UO Arena Project’s Money Gets Moving

The Register-Guard – February 7, 2009 – By Greg Bolt –

Hundreds of people could be put to work on the job that breaks ground today. 

Much-awaited cash is finally starting to flow from the University of Oregon’s huge arena project with the start of what will be more than $100 million in construction spending under way.

About $25 million in subcontracts recently have been awarded for excavation, shoring and concrete work, with bids for an additional $35 million in work under review. Bids are currently being solicited for an added $70 million in contracts covering the middle and later stages of construction.

The spending is expected to pump millions of dollars into local and Oregon businesses just as the recession is biting ever deeper into the state economy and job market. It is estimated that upward of 450 people will be working on the arena during the peak construction period.

A ceremonial groundbreaking is scheduled to be held this morning at the construction site, but the event is not open to the public due to space limits, a UO announcement said.

Work is getting started months later than the university had hoped, and excavation and shoring crews are working overtime to catch up. The $227 million, 12,500-seat arena faced numerous hurdles and objections before finally gaining necessary approvals last fall.

The overall construction cost of the arena is $200 million, plus $27 million for the cost of acquiring property for the site. About two-thirds of the construction cost will go to “hard” costs such as concrete pouring and steel assembly, and the rest for “soft” costs such as design work, contingency funds, bond costs, permits and insurance.

Also, an $18 million underground parking garage is being built under a separate contract but as part of the arena project. The garage will be used for general university parking as well as arena events.

All the construction spending should provide some boost to the local economy, although it’s not clear yet how many Lane County firms will win contracts. All construction subcontracts are being done through competitive bidding, and as a public project the arena contractors are required to pay prevailing wages.

Even if much of the work is awarded to larger firms from outside the area, many local workers are expected to be employed. Workers who come from out of the area can also boost the local economy through spending they do while they’re in the area during the almost two years it will take to finish the project.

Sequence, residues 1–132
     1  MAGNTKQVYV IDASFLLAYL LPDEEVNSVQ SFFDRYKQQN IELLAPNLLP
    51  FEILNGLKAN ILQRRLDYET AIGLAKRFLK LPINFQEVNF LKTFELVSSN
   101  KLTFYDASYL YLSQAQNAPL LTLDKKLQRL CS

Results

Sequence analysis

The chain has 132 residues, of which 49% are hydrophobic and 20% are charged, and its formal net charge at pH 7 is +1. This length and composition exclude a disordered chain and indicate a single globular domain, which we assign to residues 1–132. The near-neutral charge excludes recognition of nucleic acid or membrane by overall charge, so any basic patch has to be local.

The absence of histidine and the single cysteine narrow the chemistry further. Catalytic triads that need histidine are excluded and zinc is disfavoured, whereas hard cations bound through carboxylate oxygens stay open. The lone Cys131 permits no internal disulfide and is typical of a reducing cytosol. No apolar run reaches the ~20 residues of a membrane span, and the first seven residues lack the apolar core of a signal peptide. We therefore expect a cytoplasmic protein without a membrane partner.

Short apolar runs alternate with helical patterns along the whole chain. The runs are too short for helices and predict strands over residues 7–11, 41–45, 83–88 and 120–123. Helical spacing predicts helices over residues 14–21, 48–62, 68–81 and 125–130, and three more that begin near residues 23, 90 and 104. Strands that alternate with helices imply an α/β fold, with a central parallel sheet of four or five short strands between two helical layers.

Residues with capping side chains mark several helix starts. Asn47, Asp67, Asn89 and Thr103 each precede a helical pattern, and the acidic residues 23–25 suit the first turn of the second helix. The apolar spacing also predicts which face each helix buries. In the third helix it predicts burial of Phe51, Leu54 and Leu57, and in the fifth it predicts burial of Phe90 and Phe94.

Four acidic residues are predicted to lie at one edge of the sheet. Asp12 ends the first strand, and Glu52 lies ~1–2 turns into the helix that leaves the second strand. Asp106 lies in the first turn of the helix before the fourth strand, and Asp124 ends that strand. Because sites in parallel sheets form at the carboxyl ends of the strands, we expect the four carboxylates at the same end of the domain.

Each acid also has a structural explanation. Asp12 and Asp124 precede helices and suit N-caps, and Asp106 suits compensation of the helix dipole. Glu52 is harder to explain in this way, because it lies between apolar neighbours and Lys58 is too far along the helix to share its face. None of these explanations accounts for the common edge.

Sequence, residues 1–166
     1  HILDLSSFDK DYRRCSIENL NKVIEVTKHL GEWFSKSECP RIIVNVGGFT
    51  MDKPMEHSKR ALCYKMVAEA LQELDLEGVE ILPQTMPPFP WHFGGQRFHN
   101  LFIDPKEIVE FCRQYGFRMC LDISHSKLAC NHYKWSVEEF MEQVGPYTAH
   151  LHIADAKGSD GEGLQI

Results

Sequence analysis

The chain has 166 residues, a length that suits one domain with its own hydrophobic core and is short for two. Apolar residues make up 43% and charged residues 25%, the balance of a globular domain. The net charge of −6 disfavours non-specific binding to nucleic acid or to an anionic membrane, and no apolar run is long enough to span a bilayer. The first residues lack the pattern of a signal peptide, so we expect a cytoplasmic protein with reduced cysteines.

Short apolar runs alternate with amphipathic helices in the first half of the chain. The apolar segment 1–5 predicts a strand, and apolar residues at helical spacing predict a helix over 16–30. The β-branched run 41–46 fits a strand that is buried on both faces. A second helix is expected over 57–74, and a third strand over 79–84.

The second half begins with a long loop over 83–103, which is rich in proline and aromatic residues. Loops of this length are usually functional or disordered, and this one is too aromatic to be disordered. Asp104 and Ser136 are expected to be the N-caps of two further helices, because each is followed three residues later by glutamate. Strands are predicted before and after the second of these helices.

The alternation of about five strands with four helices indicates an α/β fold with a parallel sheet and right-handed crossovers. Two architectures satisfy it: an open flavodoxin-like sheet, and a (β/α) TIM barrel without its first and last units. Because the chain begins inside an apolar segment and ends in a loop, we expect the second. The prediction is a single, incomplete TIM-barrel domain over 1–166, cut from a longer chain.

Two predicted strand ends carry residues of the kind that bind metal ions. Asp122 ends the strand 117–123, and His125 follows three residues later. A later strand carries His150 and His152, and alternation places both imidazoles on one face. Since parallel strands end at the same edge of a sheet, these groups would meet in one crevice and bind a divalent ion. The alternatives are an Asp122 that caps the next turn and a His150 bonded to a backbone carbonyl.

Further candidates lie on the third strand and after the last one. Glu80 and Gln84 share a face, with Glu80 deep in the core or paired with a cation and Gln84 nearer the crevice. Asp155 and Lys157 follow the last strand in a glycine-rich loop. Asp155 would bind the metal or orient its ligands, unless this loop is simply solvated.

The first two subcontracts went to regional companies not based in Lane County. K and E Excavating of Salem was given a contract for earth work, and D.J. Scheffler Inc. is doing the shoring work in preparation for pouring foundations.

Scheffler has a regional office in Vancouver, Wash., and corporate headquarters in Pomona, Calif.

A contract for concrete work is in the process of being finalized. Kacie Renc, who works for JMI Sports and is the arena project executive, said she can’t name the contractor or amount until the deal is signed but said the three contracts together total about $25 million.

Renc said that so far, with the exception of the concrete contract, bids are coming in lower than expected because businesses are hungry for work. She believes that will continue as more bids are reviewed.

“It’s a really terrific environment for us right now, and there are a lot of interested bidders,” she said. “We’re very optimistic. We certainly saw savings in our first bid package with earth work and shoring.”

It’s too early to say how much less than estimated the work ultimately will cost, Renc said. But she said another JMI project, building a spring training facility for the Cincinnati Reds baseball team, is coming in 15 percent below estimates across the board.

She called it both surprising and disappointing that the concrete bid came in slightly above estimates and attributed it to the way the recession is spreading.

“You turn on the news today and you see the recession has hit everywhere and people are hungry and prices have come down, but we didn’t actually see the savings in concrete that we were all cautiously optimistic that we would see,” Renc said. “The state of the economy with respect to construction is kind of more starting in the middle of the country and moving out to the coasts.”

But, she added, “We’re still thinking that this is definitely going to come in under budget.”

Because the state’s competitive bidding rules are being used, the project managers can’t give any special consideration to Lane County companies. But Renc said Hoffman Construction, the main construction manager, is working with the UO to ensure that local companies and firms the university has worked with in the past are kept informed of available subcontracts and have the opportunity to submit bids.

Hoffman also is complying with state rules that encourage contracting with businesses owned by women and minorities and with emerging businesses, she said.

Crews are working Monday through Saturday on site preparation to meet the goal of having the arena open at least in time for the start of the Pac-10 basketball season in early 2011. The UO had hoped to have it open in time for exhibition games in late 2010 but the time needed to get a conditional use permit and other approvals is likely to push the opening date back.

“We’re putting in overtime now in order to catch up on the schedule because that 2010-2011 basketball season is without question our goal date,” Renc said. “We’re working fast and furious toward that. We’re finally able to run. No more walking.”

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